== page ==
It is not difficult to figure out the reasons for exploding student debt. On the one hand, high-school graduates and their parents understand that a college education is essential for entry into the narrowing world of high paying professional jobs. College and university enrollments increased by more than a third between 2000 and 2014, from 15 million to more than 21 million students. At the same time, college tuition and fees have been growing at more than three times the rate of inflation for three decades now and at more than twice the growth in the median family income over the same period. In 2015, the average tuition (plus fees) for in state students at public universities is in the neighborhood of $10,000 per year and over $40,000 per year for students attending private universities. A fair amount of careful research suggests that these soaring costs are partly attributable to the increasing availability of loans encouraged by federal policy.

Hillary Clinton’s new $350 billion (over ten years) proposal takes aim at this vast constituency of voters currently paying off student loans or worried about the costs of taking them on. She says that her proposal will enable most students to meet college expenses without taking on loans, a claim that is surely exaggerated in view of the scale and scope of her plan.  At best it is a proposal to mitigate the problem somewhat by permitting borrowers to reduce interest rates on current loans and to use the carrot of federal funds to force states to invest more public funds in higher education.

There are three major parts to her plan:

First, (borrowing an idea from Sen. Elizabeth Warren) she wants to allow borrowers locked into loans at high rates of interest to refinance those loans at current federal rates for student loans, much as people are allowed to refinance their home mortgages when interest rates fall.  Federally subsidized student loans are given at fixed rates (set by Congress), generally for a period of up to 25 years.  The current interest rate (as of 2014) on federal loans is about 3.9 percent, down from 6.8 percent charged a decade ago. That reduction would save a typical borrower carrying a loan of $20,000 or $30,000 between $500 and $1,000 per year.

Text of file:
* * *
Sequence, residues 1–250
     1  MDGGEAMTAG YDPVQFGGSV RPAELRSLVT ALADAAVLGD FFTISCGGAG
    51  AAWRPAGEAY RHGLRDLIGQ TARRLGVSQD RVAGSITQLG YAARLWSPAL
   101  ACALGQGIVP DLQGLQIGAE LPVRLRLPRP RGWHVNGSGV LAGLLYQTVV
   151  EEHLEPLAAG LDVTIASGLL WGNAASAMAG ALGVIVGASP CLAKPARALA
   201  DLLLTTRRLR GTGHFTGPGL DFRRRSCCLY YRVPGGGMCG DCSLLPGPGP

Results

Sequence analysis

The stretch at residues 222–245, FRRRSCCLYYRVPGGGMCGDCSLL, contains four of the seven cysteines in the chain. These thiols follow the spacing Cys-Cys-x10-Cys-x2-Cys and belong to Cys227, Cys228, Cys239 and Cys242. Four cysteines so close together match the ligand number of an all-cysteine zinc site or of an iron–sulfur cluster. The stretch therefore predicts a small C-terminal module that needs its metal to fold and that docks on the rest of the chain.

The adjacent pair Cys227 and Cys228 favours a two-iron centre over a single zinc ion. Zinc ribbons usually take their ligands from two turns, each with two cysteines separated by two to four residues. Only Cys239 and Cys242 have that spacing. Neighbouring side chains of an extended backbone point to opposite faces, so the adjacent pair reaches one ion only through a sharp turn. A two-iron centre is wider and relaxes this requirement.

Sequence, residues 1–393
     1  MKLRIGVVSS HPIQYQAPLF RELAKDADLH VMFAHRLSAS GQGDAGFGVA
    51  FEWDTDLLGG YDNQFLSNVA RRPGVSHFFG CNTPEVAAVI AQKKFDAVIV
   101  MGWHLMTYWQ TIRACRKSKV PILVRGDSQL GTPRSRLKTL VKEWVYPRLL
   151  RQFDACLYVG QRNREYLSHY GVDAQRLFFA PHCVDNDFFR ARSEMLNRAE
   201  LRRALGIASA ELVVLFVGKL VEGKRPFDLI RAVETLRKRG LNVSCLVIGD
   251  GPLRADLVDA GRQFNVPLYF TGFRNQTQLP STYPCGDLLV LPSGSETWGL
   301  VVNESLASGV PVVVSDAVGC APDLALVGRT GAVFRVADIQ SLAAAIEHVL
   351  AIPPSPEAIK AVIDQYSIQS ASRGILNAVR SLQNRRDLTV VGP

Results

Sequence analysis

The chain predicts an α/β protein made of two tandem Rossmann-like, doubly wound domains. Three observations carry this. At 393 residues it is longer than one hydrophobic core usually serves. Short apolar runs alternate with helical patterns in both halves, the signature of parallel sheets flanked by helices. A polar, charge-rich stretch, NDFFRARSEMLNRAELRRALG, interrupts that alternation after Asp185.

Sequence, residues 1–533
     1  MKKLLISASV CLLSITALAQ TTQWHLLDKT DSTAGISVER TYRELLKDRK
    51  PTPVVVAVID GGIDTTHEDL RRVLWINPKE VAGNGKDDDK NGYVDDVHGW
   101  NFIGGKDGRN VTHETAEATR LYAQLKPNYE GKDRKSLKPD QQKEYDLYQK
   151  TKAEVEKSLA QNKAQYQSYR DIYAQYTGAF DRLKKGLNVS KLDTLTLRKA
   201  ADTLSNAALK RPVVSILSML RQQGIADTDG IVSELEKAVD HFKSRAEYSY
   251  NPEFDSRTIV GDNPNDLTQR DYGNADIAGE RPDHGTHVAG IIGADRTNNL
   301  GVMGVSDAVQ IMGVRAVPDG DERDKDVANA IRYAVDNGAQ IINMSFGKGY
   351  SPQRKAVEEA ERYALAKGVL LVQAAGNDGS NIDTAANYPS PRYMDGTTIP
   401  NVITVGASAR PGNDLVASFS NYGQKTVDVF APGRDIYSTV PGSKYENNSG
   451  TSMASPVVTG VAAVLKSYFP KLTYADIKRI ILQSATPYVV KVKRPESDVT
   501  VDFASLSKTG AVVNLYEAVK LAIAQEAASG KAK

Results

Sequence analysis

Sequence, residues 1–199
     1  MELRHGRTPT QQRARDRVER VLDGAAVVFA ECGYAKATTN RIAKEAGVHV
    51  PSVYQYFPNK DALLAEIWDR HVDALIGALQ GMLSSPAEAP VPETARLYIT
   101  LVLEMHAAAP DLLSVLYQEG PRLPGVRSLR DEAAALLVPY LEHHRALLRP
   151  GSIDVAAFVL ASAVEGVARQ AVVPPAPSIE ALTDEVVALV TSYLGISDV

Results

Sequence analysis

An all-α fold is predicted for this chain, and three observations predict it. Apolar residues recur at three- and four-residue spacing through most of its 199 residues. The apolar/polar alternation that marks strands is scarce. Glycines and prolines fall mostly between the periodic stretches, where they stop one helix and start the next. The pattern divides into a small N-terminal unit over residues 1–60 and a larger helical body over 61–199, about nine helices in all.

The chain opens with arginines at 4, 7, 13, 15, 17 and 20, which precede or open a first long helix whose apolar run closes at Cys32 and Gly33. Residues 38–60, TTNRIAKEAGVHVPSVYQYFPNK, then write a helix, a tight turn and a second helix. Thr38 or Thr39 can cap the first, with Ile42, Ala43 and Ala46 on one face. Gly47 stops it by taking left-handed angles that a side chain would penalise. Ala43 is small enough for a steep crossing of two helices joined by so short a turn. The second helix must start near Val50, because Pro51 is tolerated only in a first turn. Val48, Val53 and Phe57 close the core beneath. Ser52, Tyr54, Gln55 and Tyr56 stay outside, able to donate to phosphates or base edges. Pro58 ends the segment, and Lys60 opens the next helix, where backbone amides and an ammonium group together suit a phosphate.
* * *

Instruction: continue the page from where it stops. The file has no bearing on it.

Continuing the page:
It is hard to find fault with her proposal, at least in the abstract. Many Democrats and even some Republicans are sympathetic to it as a means of providing some relief for overburdened borrowers. Still, there is less here than meets the eye. Private lenders have long offered variable rate loans that move up and down with interest rates. In addition, borrowers have long been able to refinance their student loans through private lenders, which is already a common practice.

Mrs. Clinton’s plan would allow borrowers carrying federal loans to do so through the federal system rather than through private lenders. This may be a step in the right direction, but it is a very short step when one considers the options already available.  Further, her proposal carries an estimated cost of between $60 and $100 billion per year to the federal government, depending upon where interest rates happen to be and how many borrowers take advantage of the plan. This is one of the sticking points: Congress is reluctant to appropriate such funds in a time of deficits, rising entitlement costs, and generally tight budgets.

Second, she proposes to establish an income-based repayment system so that borrowers will never have to pay more than 10 percent of their income on student loans (the standard in the past was 15 percent) with the possibility of loan forgiveness after twenty years of faithful payments.